3. Encouragement from others. Having even one person encourage an individual to consider a religious vocation doubles the likelihood that they will do so, for both men and women. Furthermore, the effect is additive. If three persons offered encouragement, respondents were more than five times more likely to consider a religious vocation.

4. Knowing someone who is a priest, religious sister or brother or seminarian. Individuals who had a personal connection to someone in religious life were one and a half times more likely to consider this vocation for themselves compared to those who did not have this connection. Here, too, the effect was additive. The more religious one knew, the more consideration was given to the religious life.

What is striking here is that in all four key areas that correlated with a greater likelihood of consideration of a vocation, personal relationships are key. The positive influences for a vocation identified in the survey results seem to be more affective than cognitive. This provides an important fact to remember as we continue to promote a culture of vocations in our church.

Cultivating Cultural Sensitivity

Recent surveys show that Hispanics make up about one third of the Catholic population in the United States and that the proportion of Hispanics will continue to grow in the near future. Already, 48 percent of U.S. Catholics under the age of 31 are Hispanic. These figures tell us that the faith and rich culture of Hispanics are and will continue to be a great blessing for the church in our country. But while the vocation survey shows that Hispanic respondents—both male and female—are no less likely than others to say they have considered a vocation at one time or another, the results also highlight some of the serious challenges the church faces when it comes to fostering the call to religious life among our Hispanic population and giving this group the tools they need to succeed.

Simply put, only 3 percent of all Catholic priests in the United States today are Hispanic, according to the book Same Call, Different Men. This low number mirrors the percentage of Hispanic men and women in religious life, which is also at about 3 percent. While the number of Hispanics in the U.S. church’s recent ordination and profession classes is an improvement, much more still needs to be done. Roughly 15 percent of the newly ordained priests in 2012 were Hispanic, but fewer than 5 percent of these men were U.S. born, even though U.S. born (and English-speaking) Hispanics in this age group far outnumber those who immigrated to the United States. This should serve as a wake-up call. Our young, English-speaking, Hispanic population is very much an untapped, rich source of vocations to the priesthood and consecrated life. If more is not done to encourage vocations among this intensely rich ethnic group that makes up nearly half of our young adult Catholic population, the religious vocation picture in the United States will become increasingly cloudy.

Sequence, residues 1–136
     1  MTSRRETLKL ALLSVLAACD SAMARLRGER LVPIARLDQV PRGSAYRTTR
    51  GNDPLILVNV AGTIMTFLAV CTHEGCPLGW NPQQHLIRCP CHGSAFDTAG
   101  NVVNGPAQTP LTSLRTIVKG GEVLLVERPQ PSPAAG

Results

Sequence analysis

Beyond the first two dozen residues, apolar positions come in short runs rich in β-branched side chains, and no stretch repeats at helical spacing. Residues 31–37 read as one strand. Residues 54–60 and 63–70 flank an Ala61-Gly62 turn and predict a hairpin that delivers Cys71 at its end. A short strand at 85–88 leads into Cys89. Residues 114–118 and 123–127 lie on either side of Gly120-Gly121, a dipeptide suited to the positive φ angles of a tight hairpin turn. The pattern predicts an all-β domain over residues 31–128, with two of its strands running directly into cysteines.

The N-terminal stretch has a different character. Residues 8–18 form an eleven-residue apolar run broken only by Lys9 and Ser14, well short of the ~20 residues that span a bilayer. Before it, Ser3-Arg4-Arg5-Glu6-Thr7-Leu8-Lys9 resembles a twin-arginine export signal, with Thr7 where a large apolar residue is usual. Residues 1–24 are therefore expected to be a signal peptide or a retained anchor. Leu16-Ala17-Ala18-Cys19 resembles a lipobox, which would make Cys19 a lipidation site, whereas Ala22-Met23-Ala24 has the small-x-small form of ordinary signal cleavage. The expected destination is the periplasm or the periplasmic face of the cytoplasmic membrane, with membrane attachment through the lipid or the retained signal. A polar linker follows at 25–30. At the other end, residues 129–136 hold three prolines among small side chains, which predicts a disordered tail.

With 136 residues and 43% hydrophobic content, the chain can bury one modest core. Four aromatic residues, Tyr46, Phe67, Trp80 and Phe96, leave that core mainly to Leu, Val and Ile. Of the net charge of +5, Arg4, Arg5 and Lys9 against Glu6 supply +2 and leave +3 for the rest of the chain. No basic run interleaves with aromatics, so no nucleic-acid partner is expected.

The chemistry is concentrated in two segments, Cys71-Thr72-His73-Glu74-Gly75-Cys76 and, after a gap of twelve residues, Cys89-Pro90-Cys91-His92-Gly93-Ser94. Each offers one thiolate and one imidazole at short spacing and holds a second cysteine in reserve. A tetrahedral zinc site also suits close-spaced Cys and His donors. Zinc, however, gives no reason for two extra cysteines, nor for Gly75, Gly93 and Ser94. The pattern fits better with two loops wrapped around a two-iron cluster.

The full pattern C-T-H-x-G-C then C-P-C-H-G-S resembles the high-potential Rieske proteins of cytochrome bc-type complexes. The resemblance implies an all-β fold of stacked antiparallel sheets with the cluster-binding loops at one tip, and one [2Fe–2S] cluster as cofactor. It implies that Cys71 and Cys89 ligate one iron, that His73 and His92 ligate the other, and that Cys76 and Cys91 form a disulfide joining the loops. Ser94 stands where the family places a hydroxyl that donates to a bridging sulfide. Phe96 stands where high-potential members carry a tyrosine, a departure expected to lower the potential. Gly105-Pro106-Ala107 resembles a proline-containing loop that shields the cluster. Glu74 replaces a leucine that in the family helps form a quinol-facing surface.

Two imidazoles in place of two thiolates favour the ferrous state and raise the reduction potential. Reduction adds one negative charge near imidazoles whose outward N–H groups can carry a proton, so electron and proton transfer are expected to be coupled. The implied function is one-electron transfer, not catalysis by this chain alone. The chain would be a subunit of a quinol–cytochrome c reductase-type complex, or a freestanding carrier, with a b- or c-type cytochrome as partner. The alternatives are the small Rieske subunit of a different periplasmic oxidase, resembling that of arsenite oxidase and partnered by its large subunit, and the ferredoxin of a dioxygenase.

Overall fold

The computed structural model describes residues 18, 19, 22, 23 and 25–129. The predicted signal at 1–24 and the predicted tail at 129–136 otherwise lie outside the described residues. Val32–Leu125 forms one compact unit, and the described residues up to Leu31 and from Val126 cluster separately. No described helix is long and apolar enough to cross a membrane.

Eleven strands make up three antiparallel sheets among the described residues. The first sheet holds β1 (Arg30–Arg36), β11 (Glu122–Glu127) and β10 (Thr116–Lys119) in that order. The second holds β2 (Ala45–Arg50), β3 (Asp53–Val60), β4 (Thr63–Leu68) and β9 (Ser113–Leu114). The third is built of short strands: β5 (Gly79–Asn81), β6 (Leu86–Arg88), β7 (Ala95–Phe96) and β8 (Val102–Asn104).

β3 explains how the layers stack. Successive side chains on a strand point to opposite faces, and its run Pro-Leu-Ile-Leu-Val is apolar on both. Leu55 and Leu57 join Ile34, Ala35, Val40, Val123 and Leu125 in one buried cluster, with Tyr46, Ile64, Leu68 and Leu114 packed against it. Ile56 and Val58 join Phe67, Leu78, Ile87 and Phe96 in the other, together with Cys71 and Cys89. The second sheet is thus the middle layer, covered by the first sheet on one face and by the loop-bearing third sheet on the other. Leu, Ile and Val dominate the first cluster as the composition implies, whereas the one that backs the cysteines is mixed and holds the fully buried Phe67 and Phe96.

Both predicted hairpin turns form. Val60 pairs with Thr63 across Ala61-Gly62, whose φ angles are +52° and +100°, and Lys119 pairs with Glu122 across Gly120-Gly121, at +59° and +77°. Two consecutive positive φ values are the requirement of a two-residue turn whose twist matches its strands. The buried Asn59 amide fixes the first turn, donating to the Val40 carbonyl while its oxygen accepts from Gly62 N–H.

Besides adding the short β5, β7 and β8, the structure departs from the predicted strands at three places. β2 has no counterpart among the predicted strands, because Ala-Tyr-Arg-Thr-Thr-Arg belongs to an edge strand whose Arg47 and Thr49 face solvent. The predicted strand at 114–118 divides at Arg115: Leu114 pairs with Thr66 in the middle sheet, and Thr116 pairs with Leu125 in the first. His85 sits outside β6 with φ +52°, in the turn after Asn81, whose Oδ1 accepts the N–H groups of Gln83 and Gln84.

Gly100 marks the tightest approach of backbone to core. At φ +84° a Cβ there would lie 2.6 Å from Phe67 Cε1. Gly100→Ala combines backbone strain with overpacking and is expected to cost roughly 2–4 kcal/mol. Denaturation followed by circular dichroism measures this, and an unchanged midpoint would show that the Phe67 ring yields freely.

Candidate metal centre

The bishops of our country understand this and have made Hispanic vocations a priority. As we develop strategies in this area, I think it is important to highlight once again the four key areas the CARA study found to be correlated to openness to a vocation in our youth. If we desire to strengthen a culture of vocations within our Hispanic communities, the following are the areas indicated by the vocation survey that are in need of some major strategic development:

Catholic Schools. Only 3 percent of Hispanic children and teens attend Catholic grade schools or high schools. There is need for a concerted effort to increase Hispanic involvement in our Catholic schools. In this effort, I draw attention to the University of Notre Dame’s Task Force on the Participation of Latino Children and Families in Catholic Schools. The task force is working to develop demand, access and the necessary leadership to increase Hispanic enrollment in Catholic schools. More efforts like these are needed.

Participation. Studies show that Hispanics have lower participation rates in religious education and parish youth groups. We have to ask ourselves, “Why is this?” Is it because priests, religious sisters, catechists and other key leaders don’t speak Spanish? Not likely, as the vast majority of our Hispanic youth prefer to speak English with their peers. Language does not seem to be the primary obstacle; rather, it is a lack of familiarity with the various Latino cultures that may inadvertently give the impression to our young Hispanics that they are not welcome or should not expect to feel at home in our “integrated” parishes and schools. How do we better incorporate cultural activities, devotions and symbols into our regular programming for parish and campus youth and young adult ministry?